In order to improve the supply of child care, the Australian Government will establish up to 260 child care centres by the end of 2013‑14, to be located mainly on school, TAFE, university or other community land. The focus is to increase the availability of child care for families in areas of child care need. The measure includes six autism‑specific centres, which will provide early intervention support for children with autism.

This commitment will be rolled out progressively, with this measure providing for centres to be established in 38 priority localities, including six autism‑specific centres. The arrangements for the delivery of the remaining 222 centres will be progressed as part of the COAG National Partnership arrangements. In these partnership arrangements, priority is to be given to locations where early childhood services are not currently available or are insufficient to meet demand.

This initiative will provide families with greater access to high‑quality child care and integrated care and early learning for preschool‑age children.

Improving the Child Care Tax Rebate

Improving affordability of child care is an important part of delivering the Government's early childhood agenda. To support families to meet the costs associated with child care, the Government provides assistance through the Child Care Tax Rebate (CCTR). Currently, CCTR is paid on an annual basis and covers 30 per cent of out‑of‑pocket child care costs.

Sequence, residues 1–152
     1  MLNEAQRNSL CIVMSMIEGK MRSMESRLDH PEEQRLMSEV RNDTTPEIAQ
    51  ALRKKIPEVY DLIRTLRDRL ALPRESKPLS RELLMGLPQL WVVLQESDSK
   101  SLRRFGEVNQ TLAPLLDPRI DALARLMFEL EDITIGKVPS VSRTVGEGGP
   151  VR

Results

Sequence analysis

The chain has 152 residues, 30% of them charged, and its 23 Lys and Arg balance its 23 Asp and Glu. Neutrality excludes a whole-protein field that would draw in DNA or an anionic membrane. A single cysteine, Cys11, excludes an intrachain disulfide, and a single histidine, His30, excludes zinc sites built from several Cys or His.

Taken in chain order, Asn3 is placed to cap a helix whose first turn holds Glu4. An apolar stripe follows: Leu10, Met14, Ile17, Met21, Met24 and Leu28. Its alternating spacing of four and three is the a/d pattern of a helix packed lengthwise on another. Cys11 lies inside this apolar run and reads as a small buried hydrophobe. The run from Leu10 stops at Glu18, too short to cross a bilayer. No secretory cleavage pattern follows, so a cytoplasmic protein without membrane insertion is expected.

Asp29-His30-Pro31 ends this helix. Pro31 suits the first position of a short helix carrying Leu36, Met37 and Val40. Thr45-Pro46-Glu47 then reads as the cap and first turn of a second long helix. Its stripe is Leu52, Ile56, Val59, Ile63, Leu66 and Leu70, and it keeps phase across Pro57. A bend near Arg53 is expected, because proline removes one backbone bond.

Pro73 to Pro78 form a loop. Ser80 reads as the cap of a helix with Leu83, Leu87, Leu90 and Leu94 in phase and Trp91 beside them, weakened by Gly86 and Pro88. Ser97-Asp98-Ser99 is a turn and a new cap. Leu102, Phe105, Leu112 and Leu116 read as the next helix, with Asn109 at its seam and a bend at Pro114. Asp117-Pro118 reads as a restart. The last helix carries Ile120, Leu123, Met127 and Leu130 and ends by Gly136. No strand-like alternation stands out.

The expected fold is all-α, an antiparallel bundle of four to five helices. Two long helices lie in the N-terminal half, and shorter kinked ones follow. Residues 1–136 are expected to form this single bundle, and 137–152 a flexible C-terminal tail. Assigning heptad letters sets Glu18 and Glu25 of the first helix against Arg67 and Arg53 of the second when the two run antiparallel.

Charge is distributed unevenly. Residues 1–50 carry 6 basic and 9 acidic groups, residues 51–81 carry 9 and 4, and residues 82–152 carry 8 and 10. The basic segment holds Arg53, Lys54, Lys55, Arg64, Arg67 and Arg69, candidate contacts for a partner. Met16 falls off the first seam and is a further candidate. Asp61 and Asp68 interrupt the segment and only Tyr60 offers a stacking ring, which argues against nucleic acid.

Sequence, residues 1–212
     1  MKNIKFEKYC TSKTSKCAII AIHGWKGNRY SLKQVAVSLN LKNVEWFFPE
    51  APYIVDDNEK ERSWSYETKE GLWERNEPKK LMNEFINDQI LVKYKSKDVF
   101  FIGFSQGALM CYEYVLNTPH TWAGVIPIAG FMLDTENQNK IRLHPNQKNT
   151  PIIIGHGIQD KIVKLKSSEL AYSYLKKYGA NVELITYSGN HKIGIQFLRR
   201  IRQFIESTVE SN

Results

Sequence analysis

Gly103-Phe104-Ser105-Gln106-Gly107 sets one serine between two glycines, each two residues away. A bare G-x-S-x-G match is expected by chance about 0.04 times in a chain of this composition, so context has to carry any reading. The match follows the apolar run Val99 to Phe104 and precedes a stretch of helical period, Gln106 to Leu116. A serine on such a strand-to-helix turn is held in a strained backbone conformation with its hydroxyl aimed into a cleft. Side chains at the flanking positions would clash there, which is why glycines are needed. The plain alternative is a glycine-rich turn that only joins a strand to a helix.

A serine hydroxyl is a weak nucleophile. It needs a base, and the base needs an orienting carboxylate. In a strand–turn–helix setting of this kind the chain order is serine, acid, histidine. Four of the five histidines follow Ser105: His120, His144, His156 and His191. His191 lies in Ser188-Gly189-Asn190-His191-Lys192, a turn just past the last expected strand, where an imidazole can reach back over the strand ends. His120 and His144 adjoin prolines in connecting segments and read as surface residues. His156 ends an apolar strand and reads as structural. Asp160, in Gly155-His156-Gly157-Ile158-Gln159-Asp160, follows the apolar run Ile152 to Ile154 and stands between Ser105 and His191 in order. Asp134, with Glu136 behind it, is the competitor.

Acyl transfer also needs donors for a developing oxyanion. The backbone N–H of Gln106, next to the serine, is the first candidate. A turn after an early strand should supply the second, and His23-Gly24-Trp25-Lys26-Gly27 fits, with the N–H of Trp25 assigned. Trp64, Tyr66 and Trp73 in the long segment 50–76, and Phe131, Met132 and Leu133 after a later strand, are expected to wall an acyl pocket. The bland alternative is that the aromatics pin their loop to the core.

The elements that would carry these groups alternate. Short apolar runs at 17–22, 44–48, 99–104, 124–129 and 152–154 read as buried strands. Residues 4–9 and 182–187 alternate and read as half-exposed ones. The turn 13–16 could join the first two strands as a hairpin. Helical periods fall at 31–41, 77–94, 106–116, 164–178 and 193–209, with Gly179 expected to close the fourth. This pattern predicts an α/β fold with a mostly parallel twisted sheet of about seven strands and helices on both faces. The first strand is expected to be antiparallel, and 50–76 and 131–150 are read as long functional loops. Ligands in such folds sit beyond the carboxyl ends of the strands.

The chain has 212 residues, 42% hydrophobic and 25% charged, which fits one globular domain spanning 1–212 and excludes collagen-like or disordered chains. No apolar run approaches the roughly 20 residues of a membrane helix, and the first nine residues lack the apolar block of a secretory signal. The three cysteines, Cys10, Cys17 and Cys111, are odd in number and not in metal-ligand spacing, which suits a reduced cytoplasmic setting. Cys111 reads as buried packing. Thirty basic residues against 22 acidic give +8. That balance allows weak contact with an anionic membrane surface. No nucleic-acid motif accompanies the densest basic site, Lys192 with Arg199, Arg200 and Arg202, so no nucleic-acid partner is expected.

The Government is providing greater assistance to families with child care costs in a more timely manner.

Child Care Tax Rebate $1.6 billion

Increasing the rate and frequency of the Child Care Tax Rebate from 30 to 50 per cent, increasing the cap from $4354 to $7500 per child (indexed), and making payments every quarter instead of annually will reduce the child care cost burden on parents. Moving to quarterly payments will mean families receive the money much closer to when they need it, helping them to meet their regular child care expenses.

This measure will provide additional support to families in meeting the costs of child care by increasing the amount they can claim for their out‑of‑pocket expenses and providing quarterly payments. It will facilitate parents' participation in the workforce or further training, thereby optimising their capacity to contribute to Australia's economic future.

Early childhood education and workforce $126.6 million